The story of our company begins in early sixties of the twentieth century, namely in 1962, when one of the most powerful wine factories in the Soviet Union was launched. That was the year Tbilisi held its 10th International Congress of Winegrowers.
For years the factory remained an essential part of the Soviet winemaking industry (nine of ten bottles of wine sold inside the country and abroad were made in this factory). In the early 1990s it emerged as an independent wine company with new philosophy and approaches that still is undergoing substantial development both in its infrastructure and in the growing sophistication of its wines.
We believe that we should be responsible for every bottle of wine made in our company. Consequently, we track closely the whole process of winemaking, from the vineyards to the consumer. Our aim is to create sophisticated wines that make difference.
As one of the pioneers of the new Georgian winemaking history, our ambition is to produce top quality, even in these challenging times. We are convinced that our wines must be the carriers of the new winemaking philosophy that will take Georgian winemaking traditions further, thus establishing and strengthening the image of a country with thousands of years of winemaking tradition.
Our First Harvest
1999 was the year of our first harvest. In that year we went to the renowned wine region of Kakheti with our ambition of reviving Georgian wine-making. Our vision was to create wines based on our then radical new philosophy - that grapes were as essential as wine material. We wanted to strengthen Tbilvino by investing our funds and energy in every aspect and stage of the winemaking process. We emerged with a new face and new brands that hit the Georgian market in the following year.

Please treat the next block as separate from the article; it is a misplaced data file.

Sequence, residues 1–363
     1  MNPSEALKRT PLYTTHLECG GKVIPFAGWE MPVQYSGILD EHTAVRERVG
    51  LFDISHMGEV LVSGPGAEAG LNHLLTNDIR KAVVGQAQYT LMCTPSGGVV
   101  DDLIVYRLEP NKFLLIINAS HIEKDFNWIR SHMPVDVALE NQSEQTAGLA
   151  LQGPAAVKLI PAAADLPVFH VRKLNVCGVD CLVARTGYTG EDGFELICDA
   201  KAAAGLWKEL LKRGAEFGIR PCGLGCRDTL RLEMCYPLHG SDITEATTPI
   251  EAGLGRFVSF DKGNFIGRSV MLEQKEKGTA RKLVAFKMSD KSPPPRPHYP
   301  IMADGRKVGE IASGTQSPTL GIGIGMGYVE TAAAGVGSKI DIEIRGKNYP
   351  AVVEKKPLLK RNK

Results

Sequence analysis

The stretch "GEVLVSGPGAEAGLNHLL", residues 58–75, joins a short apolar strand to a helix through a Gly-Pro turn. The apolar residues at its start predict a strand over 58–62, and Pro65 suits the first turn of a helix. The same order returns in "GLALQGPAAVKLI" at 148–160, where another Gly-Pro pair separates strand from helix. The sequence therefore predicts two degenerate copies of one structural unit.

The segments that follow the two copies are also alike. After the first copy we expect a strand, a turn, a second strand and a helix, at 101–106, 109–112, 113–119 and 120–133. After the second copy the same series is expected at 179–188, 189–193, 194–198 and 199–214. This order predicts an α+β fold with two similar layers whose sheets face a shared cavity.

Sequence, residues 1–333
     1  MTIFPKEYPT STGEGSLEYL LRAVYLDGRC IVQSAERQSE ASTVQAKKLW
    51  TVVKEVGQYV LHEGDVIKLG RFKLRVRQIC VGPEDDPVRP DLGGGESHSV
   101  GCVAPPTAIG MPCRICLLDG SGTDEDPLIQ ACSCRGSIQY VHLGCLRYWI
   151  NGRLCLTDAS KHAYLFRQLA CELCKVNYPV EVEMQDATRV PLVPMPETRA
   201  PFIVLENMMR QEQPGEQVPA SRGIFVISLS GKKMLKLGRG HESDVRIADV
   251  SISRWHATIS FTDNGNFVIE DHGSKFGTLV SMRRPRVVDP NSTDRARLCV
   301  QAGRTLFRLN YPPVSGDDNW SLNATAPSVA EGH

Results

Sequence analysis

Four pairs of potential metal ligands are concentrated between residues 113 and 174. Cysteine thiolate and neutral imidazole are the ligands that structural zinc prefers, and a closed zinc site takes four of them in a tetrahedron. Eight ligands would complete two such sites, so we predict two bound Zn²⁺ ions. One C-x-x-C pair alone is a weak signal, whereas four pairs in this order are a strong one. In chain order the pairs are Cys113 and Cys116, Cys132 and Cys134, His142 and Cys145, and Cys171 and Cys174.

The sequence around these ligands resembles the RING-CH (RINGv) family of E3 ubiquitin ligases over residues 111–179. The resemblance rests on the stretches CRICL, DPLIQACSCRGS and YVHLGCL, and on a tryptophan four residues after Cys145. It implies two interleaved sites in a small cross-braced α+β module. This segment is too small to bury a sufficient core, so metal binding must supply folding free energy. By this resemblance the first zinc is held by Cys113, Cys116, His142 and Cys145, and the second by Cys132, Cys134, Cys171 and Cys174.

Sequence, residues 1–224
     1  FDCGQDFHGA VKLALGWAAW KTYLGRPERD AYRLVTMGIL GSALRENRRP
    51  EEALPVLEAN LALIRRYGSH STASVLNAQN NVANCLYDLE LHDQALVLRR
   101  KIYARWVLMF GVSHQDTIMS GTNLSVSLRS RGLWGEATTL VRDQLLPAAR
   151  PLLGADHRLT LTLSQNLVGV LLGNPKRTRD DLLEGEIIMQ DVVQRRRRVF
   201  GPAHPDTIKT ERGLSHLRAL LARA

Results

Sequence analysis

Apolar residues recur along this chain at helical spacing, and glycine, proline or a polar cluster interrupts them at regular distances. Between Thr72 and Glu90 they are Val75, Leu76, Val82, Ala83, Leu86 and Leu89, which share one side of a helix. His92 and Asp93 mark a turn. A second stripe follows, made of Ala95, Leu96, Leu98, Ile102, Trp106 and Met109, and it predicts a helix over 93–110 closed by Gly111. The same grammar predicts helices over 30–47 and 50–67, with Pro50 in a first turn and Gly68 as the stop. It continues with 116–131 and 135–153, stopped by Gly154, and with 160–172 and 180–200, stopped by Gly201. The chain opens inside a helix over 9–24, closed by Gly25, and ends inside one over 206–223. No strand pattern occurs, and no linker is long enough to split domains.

In 2002, we made our first special reserve Saperavi followed by Tsinandali and Mukuzani in 2004. The same year marked the launching of an alternative trade- mark - Georgian Valleys, with seven bestseller brands, (today Georgian Valleys boasts fourteen brands). New markets kept emerging and by 2005 the Tbilvino sales hit a record 1.5 million bottles.
2006, the year of Russian embargo, was a difficult one for Tbilvino and other Georgian wine companies. Russia was the biggest consumer of Georgian wine as is evident from the figures - around 50 per cent of Georgian alcoholic products were sold in Russia. It took us almost three years to regroup, diversifying our sales and emerging in 2008 as strong as in previous years. From our starting point in international markets in 2005, our wines were now sold in18 different countries.
2008 was also important for other reasons – in that year we renovated our factory. We introduced new technologies, new equipment, new laboratory and new line. We also became more compact by cutting the production space from 5 to 1 hectare, making the whole process a lot easier for us.
In 2006 Tbilvino was awarded its first important international awards. That was the year when Georgian winemaking industry said farewell to the Soviet style encouragements for excellence. Ironically, when Moscow was in the process of banning all wine imports from Georgia, Tbilvino received an award for excellence from Russian “Wine Cart” magazine.
The same year our wines did extremely well in London’s IWSC and Decanter competitions and other international competitions. While in 2006 we owned only to medals for excellence, by the next year it had increased to six. The figure went up to 11 in 2008 and 14 in 2009.
We actively use the experience of international winemakers in creating our products. Starting from 2002, we have worked closely with winemakers from France, Australia and Italy, among them David Morrison, Carlo Arnulfo, Nick Spender and Jeff Aston. Their philosophy has helped us to shape our style and approaches.